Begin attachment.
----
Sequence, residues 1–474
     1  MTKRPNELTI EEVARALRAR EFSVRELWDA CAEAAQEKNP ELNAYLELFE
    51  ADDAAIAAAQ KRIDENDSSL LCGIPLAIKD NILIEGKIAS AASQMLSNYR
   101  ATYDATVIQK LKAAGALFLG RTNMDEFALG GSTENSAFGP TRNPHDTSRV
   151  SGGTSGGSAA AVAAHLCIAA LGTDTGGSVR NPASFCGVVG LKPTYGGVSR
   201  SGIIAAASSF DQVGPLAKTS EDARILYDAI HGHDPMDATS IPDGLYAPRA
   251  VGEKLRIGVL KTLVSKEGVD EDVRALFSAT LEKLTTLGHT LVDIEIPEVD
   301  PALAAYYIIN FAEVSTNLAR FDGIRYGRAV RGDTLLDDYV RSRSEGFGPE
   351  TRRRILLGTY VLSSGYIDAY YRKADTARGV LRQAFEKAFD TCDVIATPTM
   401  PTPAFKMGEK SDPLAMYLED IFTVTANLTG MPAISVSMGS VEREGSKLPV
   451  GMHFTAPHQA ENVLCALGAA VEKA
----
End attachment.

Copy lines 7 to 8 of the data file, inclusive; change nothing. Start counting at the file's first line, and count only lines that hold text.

   251  VGEKLRIGVL KTLVSKEGVD EDVRALFSAT LEKLTTLGHT LVDIEIPEVD
   301  PALAAYYIIN FAEVSTNLAR FDGIRYGRAV RGDTLLDDYV RSRSEGFGPE